I came home to my little parish church, where the architecture is far more modest and draws no tourists. No one would ever confuse it with a museum. I came home to neighbors as appalled as I by the news of yet more abuse, more episcopal failures, more reminders that if my faith in God relies on anyone’s miter and staff then my faith is doomed to shatter.

Tough news to come home to after Rome, for sure. Yet in a way, my journey had set me up to face tough news. Rome was a challenging place for me. Beautiful and vibrant, yes. But around every corner and under every dome was that contrast and tension: museum, or house of worship?  I think that as long as those side chapels are occupied by people at prayer, the tension resolves in favor of worship.

I think that these days, both in Rome and at home, prayer is not only worship of God but also an act of defiance against people who need to be defied: all those who would weaken others’ faith, break bruised reeds, betray trust. A dangerous attitude, that. Prayer without humility and love becomes the clanging cymbal of which St. Paul warned us. Yet abandoning prayer altogether leaves the field to the museum-goers. I’m not prepared to do that.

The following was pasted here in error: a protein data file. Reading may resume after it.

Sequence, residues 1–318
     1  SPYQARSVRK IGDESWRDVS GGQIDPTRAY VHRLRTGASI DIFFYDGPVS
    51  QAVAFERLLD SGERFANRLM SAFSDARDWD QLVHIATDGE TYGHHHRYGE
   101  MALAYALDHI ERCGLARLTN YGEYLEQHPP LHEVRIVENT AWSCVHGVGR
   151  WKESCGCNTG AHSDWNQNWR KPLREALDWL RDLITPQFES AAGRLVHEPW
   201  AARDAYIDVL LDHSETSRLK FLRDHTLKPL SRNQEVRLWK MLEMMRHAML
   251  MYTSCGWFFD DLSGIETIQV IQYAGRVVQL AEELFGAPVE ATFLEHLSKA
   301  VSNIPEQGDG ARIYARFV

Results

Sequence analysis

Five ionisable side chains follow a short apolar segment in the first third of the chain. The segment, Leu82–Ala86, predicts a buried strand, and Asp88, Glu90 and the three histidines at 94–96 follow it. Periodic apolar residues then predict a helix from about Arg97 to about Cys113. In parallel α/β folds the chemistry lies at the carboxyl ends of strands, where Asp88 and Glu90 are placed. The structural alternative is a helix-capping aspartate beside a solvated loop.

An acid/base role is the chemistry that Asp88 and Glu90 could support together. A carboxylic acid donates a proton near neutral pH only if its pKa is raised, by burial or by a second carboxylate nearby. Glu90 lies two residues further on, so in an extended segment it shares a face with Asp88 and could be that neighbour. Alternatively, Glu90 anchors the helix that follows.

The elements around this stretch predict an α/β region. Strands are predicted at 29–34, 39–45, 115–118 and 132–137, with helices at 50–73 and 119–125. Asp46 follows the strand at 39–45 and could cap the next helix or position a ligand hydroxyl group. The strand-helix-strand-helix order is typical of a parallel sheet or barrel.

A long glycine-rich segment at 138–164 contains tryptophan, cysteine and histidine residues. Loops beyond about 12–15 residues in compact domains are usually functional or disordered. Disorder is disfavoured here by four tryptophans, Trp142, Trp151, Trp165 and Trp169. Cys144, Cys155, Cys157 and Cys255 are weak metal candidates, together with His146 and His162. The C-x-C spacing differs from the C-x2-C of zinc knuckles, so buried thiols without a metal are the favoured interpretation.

Rome and Vatican City were a revelation to me. Nothing I studied prepared me properly for all the food, sights, history, and the accompanying  sensory overload. Yet quite against my will, elbowing its way into all my other memories is that sight of people praying off to the side in St. Peter’s. One in twenty, giving soul to the church, quietly pushing back against all that would render it a mere museum.

“I would not support a nominee who demonstrated hostility to Roe v. Wade because that would mean to me that their judicial philosophy did not include a respect for established decisions, established law….Roe v. Wade is a constitutional right that is well established.”

Thus spake Sen. Susan Collins (R-Maine), according to a CNN report.

But which Roe v. Wade decision does Sen. Collins stand by? There’s the imaginary Roe, which dictates that unregulated abortion be available throughout pregnancy. Then there’s the actual Roe, which permits states to leave abortion unregulated but also permits many laws protecting the lives and safety of mother and preborn child.